How original are your sermons?

First off, I stop trying to be original in my sermons.  Once in a great while I’ll write one that almost qualify as original, but the only problem is that I am confident that someone, somewhere has thought through what I just preached on.  And without knowing I may have quoted them indirectly, or restated their original thought.  Also I do strive for integrity in my messages and always give proper credit when I know that I am utilizing someone else ideas, etc.

I think about this often when writing my sermons.  I read a great deal and much of my thought process is influenced by what I read, including blogs.  But when I am writing I am not necessarily consulting any books just expressing what I have learned.  Sometime I can’t even remember where I may have read it.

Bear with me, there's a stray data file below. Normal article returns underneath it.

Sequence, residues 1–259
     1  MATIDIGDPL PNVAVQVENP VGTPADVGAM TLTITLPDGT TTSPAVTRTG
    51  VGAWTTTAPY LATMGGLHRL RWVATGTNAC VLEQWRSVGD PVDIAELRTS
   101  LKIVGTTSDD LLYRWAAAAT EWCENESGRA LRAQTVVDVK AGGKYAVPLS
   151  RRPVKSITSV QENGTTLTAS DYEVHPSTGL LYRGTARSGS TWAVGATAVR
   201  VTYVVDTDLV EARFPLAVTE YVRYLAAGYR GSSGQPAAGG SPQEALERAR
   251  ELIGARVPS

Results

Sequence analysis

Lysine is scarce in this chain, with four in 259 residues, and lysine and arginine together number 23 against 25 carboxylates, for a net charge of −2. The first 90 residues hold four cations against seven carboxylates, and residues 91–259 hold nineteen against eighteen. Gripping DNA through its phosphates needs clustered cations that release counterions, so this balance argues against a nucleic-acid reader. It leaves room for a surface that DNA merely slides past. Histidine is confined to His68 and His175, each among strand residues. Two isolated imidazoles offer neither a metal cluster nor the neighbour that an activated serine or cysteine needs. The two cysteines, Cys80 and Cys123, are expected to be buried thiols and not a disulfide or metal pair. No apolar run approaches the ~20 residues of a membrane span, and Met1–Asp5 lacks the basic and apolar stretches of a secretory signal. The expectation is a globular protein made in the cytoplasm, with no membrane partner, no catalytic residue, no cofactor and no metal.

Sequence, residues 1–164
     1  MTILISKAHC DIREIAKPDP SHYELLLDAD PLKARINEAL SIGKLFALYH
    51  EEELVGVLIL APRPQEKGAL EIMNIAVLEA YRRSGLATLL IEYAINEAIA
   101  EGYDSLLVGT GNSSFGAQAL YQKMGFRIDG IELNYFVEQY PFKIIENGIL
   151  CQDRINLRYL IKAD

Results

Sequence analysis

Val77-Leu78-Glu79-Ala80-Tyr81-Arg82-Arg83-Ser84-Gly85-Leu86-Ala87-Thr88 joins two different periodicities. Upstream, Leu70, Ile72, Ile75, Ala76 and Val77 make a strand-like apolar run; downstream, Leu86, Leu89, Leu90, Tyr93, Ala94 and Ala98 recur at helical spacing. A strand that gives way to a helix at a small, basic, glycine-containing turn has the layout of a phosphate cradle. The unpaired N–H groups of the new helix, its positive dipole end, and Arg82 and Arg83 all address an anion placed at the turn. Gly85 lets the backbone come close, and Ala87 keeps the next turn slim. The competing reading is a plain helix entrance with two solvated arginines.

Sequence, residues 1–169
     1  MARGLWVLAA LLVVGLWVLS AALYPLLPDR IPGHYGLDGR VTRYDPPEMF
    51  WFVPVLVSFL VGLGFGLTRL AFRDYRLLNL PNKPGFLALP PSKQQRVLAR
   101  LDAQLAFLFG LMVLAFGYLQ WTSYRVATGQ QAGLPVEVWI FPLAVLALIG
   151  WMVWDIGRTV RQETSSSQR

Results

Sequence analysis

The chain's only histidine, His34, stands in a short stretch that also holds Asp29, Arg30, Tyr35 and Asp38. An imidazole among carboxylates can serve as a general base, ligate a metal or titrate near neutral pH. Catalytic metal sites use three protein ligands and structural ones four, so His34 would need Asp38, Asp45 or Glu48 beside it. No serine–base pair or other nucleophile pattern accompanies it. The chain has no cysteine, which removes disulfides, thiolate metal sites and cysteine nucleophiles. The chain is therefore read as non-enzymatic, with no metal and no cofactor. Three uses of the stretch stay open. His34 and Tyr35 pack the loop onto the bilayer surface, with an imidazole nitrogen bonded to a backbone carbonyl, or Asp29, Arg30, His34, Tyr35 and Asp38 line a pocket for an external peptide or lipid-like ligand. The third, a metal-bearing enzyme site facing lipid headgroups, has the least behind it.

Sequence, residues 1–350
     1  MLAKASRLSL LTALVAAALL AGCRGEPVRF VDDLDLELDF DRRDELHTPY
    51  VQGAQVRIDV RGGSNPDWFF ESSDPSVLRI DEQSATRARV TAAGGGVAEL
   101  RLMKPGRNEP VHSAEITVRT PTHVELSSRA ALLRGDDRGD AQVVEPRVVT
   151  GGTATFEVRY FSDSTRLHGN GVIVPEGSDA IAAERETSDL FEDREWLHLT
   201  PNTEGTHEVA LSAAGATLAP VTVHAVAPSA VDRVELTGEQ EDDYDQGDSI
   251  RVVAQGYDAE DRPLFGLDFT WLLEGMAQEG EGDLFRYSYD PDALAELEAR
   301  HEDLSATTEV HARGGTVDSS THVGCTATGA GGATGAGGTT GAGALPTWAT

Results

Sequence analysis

If I do quote someone directly I always give the reference.  There are also times when one book influences me in such a great way, that I seek to craft a series of sermons based on the person’s writings.  At that point so much of what they said has influenced my message that I just state that this series of messages are based on the works of such and such author and that they are more than welcome to buy the book and follow along.  When this happens I restate in my own words what the original author said, and I present it in a way that my listeners will understand.  It is never a word for word, and if it is (a direct quote), again I do give proper credit.